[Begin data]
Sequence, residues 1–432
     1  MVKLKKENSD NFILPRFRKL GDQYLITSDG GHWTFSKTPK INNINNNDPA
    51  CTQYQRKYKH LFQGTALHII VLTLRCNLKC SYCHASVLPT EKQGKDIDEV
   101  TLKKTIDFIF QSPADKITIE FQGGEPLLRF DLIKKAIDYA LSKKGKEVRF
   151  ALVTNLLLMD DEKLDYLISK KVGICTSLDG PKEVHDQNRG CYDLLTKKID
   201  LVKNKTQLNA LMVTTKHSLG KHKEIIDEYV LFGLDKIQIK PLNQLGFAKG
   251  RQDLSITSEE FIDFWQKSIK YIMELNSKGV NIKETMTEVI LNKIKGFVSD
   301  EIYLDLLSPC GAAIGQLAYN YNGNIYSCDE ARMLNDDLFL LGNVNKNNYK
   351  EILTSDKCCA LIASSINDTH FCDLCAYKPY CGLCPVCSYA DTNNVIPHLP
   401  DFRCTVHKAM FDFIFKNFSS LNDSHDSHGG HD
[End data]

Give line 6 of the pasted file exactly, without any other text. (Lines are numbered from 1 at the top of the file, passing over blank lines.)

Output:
   201  LVKNKTQLNA LMVTTKHSLG KHKEIIDEYV LFGLDKIQIK PLNQLGFAKG